Supreme Court Says Locals Can Make Pill-Makers Pay For Drug Disposal

KPLU News - Wed, 05/27/2015 - 10:43
Many of us have old prescription drugs sitting around in medicine cabinets — so what's the best way to get rid of them?

Some folks simply toss old pills in the garbage, or down the toilet.

Both of those options can lead to medications in the ocean, bays or rivers. Three years ago Alameda County, across the bay from San Francisco, became the first county in the nation to require pharmaceutical manufacturers to pay for safe disposal of prescription drugs.

Scott Walker Says Ultrasounds Are 'Just A Cool Thing'

KPLU News - Wed, 05/27/2015 - 10:02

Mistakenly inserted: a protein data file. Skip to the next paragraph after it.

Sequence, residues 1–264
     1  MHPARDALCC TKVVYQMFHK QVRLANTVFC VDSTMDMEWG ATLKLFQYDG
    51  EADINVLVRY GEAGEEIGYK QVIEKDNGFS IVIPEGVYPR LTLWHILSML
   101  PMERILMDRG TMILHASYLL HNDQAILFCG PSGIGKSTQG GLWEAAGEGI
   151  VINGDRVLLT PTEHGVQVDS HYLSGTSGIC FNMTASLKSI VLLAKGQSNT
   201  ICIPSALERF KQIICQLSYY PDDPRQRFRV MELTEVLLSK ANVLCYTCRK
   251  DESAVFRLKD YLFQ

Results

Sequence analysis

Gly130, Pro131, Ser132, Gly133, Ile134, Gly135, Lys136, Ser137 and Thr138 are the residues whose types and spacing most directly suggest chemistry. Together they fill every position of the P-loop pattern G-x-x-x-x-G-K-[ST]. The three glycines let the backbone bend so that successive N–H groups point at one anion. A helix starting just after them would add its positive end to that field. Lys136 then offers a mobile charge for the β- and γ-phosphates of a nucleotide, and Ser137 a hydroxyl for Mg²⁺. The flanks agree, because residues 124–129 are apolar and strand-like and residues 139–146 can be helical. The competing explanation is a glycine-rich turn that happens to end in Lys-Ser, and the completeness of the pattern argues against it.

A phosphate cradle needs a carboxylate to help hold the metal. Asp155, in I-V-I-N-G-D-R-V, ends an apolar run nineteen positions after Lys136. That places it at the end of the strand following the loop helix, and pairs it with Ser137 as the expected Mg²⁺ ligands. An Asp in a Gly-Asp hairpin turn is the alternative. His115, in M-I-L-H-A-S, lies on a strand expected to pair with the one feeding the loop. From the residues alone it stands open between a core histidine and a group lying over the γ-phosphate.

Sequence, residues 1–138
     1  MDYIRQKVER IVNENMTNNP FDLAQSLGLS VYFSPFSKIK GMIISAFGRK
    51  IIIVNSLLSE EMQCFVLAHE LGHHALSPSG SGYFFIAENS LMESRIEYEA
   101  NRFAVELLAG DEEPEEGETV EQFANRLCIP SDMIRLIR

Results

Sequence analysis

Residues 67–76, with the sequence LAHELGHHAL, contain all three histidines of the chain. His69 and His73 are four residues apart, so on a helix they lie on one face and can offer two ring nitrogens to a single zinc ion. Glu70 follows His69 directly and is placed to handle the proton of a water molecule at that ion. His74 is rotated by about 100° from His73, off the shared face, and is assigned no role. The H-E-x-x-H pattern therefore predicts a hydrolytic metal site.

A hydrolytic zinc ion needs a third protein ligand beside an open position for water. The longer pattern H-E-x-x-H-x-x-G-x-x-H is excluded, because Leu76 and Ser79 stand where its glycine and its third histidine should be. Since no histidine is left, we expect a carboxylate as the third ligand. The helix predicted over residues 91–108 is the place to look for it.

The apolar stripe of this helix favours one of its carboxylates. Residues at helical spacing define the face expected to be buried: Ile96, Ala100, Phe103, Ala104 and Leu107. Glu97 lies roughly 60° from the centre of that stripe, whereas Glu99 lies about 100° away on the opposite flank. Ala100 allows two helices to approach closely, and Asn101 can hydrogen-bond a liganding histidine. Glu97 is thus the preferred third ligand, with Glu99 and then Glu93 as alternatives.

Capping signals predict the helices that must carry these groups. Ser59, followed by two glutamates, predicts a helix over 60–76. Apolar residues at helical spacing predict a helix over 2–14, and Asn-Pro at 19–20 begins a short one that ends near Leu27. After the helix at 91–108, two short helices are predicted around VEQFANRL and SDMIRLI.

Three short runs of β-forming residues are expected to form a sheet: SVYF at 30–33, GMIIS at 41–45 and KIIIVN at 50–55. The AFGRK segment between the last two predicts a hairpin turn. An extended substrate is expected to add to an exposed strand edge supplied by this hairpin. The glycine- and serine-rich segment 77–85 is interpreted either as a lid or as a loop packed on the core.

This post was updated at 1:45 p.m. E.T.

Republican Scott Walker dismissed any controversy over a law he signed in Wisconsin requiring women seeking abortions to get an ultrasound, referring in an interview on a conservative radio show to ultrasounds as "just a cool thing out there."

The Wisconsin governor, who is likely running for president and leading in early state polls, spoke about a range of issues Friday on "The Dana Show," including immigration, the economy and education.

Nebraska Governor's Veto Of Death Penalty Repeal Sets Up Override Vote

KPLU News - Wed, 05/27/2015 - 09:50
Lawmakers in Nebraska will try today to override Gov. Pete Ricketts' veto of their vote to repeal the death penalty in the state.

As we reported Tuesday, Ricketts, a Republican, vetoed the legislation flanked by law enforcement personnel, murder victims' family members and state lawmakers who support capital punishment.